These are chat archives for rust-lang/rust

28th
Jan 2019
thojest
@thojest
Jan 28 08:38
short question :)
in some code i found the following expression pub use crate::Foo;
what exactly is it doing?
sry i mean pub use crate::foo::Foo
thojest
@thojest
Jan 28 08:44
foo seems to be a module and Foo a struct inside foo
Tim Robinson
@1tgr
Jan 28 09:18
It’s saying that Foo is exposed publicly in your module as if it was defined there
Whereas really the definition is in module crate::foo, in a different source file
It’s a common way to expose a simplified API from your crate (a facade) while keeping the ability to put the code in multiple source files internally
thojest
@thojest
Jan 28 09:20
hmm
but foo is a module I think
e.g.
pub mod exit;
pub use crate::exit::Exit;
Tim Robinson
@1tgr
Jan 28 09:21
Exactly
You have a file exit.rs, inside that is pub struct Exit
thojest
@thojest
Jan 28 09:22
aahh ok
Tim Robinson
@1tgr
Jan 28 09:22
This code is saying that your crate exposes a module exit, with a type inside called Exit
thojest
@thojest
Jan 28 09:22
i think my real question is
Tim Robinson
@1tgr
Jan 28 09:22
And the top level of your crate also exposes the same type
thojest
@thojest
Jan 28 09:22
what is the difference between
pub use crate::exit::Exit and pub use self::exit::Exit
Tim Robinson
@1tgr
Jan 28 09:24
Within lib.rs they are identical
thojest
@thojest
Jan 28 09:24
ahh ok
Tim Robinson
@1tgr
Jan 28 09:24
Within lib.rs, crate is the same as self
thojest
@thojest
Jan 28 09:24
thanks a lot :)
Zakarum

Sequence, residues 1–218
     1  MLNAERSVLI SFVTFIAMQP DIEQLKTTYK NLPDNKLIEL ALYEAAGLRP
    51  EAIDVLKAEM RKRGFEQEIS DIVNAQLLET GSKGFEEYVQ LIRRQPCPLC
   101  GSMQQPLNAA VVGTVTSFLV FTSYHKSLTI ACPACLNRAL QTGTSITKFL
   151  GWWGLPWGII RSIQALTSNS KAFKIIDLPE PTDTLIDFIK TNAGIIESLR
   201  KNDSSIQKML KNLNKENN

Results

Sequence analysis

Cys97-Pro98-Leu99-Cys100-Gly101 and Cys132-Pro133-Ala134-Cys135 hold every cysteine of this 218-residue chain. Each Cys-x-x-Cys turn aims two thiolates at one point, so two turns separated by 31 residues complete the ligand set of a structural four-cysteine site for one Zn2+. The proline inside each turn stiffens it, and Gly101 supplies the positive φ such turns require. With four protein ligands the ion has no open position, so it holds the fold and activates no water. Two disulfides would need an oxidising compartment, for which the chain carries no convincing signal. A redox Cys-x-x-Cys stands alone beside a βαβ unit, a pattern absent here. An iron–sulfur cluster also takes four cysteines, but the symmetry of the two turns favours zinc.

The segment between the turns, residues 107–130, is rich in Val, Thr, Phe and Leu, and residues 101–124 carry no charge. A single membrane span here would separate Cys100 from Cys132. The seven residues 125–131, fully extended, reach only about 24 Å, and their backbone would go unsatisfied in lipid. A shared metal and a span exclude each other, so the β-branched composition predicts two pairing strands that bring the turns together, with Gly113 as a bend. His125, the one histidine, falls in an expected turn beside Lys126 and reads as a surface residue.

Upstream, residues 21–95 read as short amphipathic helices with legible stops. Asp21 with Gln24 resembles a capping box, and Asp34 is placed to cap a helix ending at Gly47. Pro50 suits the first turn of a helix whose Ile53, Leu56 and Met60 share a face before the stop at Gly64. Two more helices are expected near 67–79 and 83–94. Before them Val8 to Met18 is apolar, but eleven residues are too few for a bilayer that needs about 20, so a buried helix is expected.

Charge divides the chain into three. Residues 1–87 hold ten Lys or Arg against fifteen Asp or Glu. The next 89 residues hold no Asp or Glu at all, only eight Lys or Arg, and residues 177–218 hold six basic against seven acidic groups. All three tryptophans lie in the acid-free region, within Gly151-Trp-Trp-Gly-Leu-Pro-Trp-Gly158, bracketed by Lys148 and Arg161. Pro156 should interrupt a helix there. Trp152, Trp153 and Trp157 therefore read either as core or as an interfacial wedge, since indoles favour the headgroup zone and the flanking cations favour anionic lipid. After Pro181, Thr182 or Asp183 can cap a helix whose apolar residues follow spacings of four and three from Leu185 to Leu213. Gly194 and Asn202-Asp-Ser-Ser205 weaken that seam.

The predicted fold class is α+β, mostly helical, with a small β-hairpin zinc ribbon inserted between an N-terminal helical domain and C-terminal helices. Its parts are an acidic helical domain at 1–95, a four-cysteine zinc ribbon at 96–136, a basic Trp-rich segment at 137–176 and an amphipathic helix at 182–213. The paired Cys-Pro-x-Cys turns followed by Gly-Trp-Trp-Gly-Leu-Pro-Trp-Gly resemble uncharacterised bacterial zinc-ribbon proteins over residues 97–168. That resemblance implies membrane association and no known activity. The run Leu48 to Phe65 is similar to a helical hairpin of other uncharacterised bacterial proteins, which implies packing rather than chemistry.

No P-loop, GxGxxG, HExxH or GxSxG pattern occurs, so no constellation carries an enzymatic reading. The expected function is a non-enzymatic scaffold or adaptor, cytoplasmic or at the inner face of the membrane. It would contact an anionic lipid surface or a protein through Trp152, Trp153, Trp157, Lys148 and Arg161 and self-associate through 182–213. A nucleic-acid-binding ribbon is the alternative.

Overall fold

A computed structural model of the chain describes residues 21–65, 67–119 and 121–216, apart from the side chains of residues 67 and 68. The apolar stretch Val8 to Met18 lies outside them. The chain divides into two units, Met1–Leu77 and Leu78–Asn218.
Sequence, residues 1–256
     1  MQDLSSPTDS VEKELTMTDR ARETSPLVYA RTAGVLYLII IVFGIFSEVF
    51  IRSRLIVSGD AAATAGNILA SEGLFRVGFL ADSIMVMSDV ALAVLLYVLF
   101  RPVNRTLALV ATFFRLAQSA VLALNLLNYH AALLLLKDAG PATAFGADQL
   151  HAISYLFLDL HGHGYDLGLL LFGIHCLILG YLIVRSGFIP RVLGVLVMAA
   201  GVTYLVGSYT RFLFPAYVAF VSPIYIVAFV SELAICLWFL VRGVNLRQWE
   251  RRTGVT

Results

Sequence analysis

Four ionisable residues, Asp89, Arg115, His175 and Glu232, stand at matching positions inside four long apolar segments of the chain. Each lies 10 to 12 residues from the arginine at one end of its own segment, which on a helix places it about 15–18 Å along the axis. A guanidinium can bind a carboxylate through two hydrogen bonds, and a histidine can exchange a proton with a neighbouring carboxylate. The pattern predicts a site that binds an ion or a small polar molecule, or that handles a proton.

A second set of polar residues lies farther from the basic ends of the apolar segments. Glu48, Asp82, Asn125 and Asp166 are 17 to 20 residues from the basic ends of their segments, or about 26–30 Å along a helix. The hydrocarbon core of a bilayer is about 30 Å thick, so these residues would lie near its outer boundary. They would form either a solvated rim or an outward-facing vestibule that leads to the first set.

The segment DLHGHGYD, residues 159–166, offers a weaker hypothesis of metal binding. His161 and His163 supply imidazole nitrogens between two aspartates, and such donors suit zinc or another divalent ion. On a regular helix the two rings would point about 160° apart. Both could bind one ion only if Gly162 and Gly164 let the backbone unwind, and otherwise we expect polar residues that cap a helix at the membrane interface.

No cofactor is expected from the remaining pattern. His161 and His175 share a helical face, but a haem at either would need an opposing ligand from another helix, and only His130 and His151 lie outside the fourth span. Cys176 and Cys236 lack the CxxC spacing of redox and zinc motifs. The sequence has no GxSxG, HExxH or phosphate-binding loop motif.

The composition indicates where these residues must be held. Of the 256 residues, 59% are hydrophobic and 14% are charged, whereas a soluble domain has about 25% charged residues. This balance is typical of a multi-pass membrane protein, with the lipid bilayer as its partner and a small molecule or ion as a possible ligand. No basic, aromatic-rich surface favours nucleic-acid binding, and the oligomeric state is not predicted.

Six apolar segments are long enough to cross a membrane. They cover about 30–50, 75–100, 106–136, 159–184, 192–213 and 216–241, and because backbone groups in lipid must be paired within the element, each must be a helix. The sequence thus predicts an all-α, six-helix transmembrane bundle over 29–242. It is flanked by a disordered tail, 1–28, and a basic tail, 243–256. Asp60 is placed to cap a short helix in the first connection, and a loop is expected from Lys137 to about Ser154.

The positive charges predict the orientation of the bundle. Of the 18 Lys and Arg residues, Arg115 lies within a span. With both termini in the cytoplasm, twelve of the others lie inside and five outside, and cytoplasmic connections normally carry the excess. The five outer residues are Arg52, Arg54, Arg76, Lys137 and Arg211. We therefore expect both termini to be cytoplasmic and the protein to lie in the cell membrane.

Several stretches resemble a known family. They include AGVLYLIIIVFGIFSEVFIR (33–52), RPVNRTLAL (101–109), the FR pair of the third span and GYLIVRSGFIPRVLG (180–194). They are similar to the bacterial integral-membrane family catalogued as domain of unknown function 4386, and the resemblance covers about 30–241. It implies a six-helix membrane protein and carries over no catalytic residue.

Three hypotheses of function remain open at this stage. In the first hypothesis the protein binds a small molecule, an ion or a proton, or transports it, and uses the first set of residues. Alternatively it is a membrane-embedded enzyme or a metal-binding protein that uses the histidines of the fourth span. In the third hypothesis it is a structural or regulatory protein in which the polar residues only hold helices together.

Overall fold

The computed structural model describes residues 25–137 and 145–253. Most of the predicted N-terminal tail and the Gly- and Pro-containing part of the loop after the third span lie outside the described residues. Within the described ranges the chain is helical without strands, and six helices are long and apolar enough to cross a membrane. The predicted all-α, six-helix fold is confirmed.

@omni-viral
Jan 28 09:31
@vlopes11 for your specific case I would avoid specifying trait bounds in type definition
Ogulcan Erduran
@erduranogulcan
Jan 28 11:45
I can access to other rs files which are in src folder. Using "mod fileinsrc;" but when I create a folder in src and 2 files in that folder, I can not access one file to other file in folder like file2insubfolder.rs : "mod file1insubfolder;" Mod is not working in sub folder's file. How can I access to other file in sub folder?
Zakarum
@omni-viral
Jan 28 12:44
This message was deleted
@erduranogulcan It is not like that
mod <filename> can be used in lib.rs (or main.rs for executables) to add <filename> from src directory to the module hierarhy
Also you can create a directory <dirname>
There you should add mod.rs file.
Now if you add mod <dirname> to the lib.rs you will add <dirname>/mod.rs file to the source tree
And in <dirname>/mod.rs you can add source files from <dirname> using mod <filename> the same way as you do with lib.rs in src directory
Here is simple example.
Files:
lib.rs
foo\mod.rs
foo\bar.rs
in lib.rs:
mod foo;
Zakarum
@omni-viral
Jan 28 12:49
in foo/mod.rs
mod bar;
Alternatively to <dirname>/mod.rs you can have <dirname>.rs file. Those names will result in same behaviour

So you can have

foo.rs
foo/bar.rs

and add foo/bar.rs to the source tree with mod bar; in foo.rs

Zakarum
@omni-viral
Jan 28 12:55
Now to import symbols in sibling files <dirname>/foo.rs and <dirname>/bar.rs you should write use statement.
use super::foo in bar.rs will import foo module. super refers to the parent module. i.e. one level higher that self (self refers to current module, yes, it is confusing as the same keyword is used in methods), so super::foo referens to the sibling module foo.
Instead of use statement you can refer to the symbols from foo directly as super::foo::SomethingFromFoo
Also you can refer to foo from creates root as crate::full::path::to::foo
Ogulcan Erduran
@erduranogulcan
Jan 28 17:49
@omni-viral thank you so much for explanation.
@omni-viral it was really helpful
Zakarum
@omni-viral
Jan 28 17:50
:+1: